While the structure of the songs appears to be largely simple, there are a few features that make it rather fascinating. The simple structure of the songs encourages as much participation as possible without any prior rehearsals. Each day’s performance, therefore, may be considered a rehearsal to the performance on a subsequent day. Because the songs are deployed in the context of collective, coordinated activity, timing and rhythm are key features of the music. This explains why it is common to find people whose designated role is to provide rhythmic timelines while others pull on the ropes. It is commonplace to find the use of castanets, banana bells, double-bells, or just improvised metal pipes for rhythmic accompaniments. On other occasions, a slab of bamboo or other wooden clappers may be used. In rare instances too, specific high-pitched drums may be used, or the rhythms may be played on the side of a canoe. In the absence of these regular or makeshift instruments, intermittent handclapping may suffice.
Another prominent way in which steady rhythmic points for coordinated activity are provided is using short, repetitive, non-lexical vocalizations; that is words which do not have any specific dictionary meanings. Others have often referred to such sounds as nonsense syllables.
Click here to see examples.
Perhaps the most apparent and ubiquitous style of the fishing songs, like other work songs, is their tendency to be antiphonal, employing both call-and-response as well as cantor-and-chorus styles. They often create multi-vocalic texts in the songs; ones which can have possible different interpretations so that in the rare case that they are taken on for something they said, they can repudiate or deny any meanings that might cause inconvenience, embarrassment, or even serious political complications. This is a very important resistance strategy. In the general societal set-up, these fisherfolk occupy rather ambiguous, anomalous, marginal societies that nestle in the interstices between ‘normal’ societies and ‘ethnicities’ (Kopytoff 1989, 4).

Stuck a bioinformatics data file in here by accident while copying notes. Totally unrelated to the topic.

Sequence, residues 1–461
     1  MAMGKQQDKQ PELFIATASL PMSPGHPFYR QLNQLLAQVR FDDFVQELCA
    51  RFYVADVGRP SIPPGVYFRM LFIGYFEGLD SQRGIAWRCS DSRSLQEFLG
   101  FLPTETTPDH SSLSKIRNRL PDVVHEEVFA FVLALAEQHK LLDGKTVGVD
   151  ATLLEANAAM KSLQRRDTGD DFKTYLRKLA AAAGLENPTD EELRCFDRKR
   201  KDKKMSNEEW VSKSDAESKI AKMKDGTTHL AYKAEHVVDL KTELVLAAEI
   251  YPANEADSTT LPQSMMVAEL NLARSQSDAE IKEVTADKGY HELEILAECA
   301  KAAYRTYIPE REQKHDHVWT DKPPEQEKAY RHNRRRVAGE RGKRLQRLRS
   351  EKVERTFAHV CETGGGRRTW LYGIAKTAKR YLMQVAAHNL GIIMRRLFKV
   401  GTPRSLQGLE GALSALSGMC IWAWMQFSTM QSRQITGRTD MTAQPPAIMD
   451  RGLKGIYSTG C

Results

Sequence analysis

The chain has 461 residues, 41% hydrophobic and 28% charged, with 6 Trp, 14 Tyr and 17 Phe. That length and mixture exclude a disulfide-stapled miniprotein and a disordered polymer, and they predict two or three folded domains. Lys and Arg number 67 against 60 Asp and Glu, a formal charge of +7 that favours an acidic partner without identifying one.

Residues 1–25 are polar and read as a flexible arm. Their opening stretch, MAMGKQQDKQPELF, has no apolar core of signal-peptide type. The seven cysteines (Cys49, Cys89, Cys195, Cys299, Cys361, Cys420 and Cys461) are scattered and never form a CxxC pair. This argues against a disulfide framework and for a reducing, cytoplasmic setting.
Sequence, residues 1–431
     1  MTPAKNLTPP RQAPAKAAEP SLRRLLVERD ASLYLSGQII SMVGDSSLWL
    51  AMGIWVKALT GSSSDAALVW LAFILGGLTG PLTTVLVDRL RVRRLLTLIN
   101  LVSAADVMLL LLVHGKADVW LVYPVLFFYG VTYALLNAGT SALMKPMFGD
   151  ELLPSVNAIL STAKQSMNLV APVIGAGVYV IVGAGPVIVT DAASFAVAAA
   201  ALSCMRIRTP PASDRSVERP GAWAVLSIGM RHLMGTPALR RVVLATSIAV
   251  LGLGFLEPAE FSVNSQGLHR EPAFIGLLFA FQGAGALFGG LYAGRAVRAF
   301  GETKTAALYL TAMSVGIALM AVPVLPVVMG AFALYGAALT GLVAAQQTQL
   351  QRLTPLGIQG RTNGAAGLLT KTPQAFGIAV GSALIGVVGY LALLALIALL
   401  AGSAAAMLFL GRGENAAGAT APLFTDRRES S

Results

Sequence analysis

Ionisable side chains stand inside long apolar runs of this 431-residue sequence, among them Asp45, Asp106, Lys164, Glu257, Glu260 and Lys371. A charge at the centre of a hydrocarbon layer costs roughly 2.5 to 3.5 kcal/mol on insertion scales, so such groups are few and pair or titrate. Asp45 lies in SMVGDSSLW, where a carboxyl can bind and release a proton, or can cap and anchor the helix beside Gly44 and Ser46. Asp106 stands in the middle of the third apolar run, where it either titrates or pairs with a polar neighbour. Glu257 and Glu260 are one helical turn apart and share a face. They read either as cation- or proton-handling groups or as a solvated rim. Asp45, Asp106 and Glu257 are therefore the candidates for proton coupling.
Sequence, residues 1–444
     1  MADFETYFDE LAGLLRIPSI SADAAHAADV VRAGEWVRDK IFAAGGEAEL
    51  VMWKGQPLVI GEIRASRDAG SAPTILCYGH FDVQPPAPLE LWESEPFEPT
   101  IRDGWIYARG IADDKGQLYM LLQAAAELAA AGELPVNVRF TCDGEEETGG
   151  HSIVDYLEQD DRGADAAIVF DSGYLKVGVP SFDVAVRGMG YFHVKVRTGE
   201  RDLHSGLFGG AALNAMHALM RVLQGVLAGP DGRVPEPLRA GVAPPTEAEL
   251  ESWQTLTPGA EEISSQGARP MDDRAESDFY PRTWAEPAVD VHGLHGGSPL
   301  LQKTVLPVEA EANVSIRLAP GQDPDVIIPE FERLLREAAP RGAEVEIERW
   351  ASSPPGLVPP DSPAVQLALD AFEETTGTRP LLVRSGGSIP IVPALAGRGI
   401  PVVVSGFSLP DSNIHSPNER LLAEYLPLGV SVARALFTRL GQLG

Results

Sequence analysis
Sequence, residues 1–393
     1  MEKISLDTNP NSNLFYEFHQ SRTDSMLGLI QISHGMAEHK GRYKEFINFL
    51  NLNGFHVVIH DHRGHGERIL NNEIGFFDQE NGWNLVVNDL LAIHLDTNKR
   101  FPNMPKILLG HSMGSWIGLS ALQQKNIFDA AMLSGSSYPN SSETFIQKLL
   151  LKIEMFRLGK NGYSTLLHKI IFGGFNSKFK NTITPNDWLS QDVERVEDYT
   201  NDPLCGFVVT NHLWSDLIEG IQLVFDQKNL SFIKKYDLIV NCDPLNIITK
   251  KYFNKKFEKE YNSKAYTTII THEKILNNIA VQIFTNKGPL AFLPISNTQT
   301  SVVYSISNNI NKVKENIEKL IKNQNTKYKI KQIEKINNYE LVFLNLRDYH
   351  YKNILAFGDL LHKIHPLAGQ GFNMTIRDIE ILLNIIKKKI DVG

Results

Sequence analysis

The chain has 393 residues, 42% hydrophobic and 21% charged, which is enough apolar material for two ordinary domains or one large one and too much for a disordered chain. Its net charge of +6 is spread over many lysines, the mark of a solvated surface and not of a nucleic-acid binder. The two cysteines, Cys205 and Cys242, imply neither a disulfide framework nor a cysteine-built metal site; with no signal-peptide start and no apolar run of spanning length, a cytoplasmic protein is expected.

The structure and organisation as it appears in the song texts are very rich and poetic. The analogies, the metaphors, the proverbs, the ambiguities are all features that make the music exciting and fascinating.
The recurring broad themes in the songs of the fishers include, but are not in any ways limited to, the following:
• Poverty and hardship resulting from injustice, corruption, and unfair distribution of resources;
• Love, marriage, childbirth, divorce, inheritance, and family systems;
• Belief in God, gods, witchcraft, and alternative worlds;
• The power of forgiveness and peaceful co-existence;
• The value of indigenous products, life lessons and knowledge systems;
• The hypocrisy of imported religions and state institutions;
The fleeting nature of life, vanity, death, and life after death;
• The value of life, contentment, entertainment, ridicule, and recognition of heroes;
• Perspectives on gender, power, sexuality, and sexual orientations;
• Mystery and beauty in nature; and
• The need for cleanliness, decency, and healthy lifestyle.
Music is, without a doubt, an important portal that leads us straight into the lives of the fishers and their understanding of global concerns as well as discussions around the ocean. They demonstrate their awareness of such pertinent topics as climate change, unhealthy customary laws/practices, ocean degradation, and how these have consequences on their work and livelihood. Considering the importance of the music in the lives of the artisanal fishers, the Hub Ghana team will now be involved, across different areas of research, into the analysis of the songs of the fishers and their contributions to illuminate the actions and capacity needed to address the threats to ocean and negative impacts on small-scale fishing communities.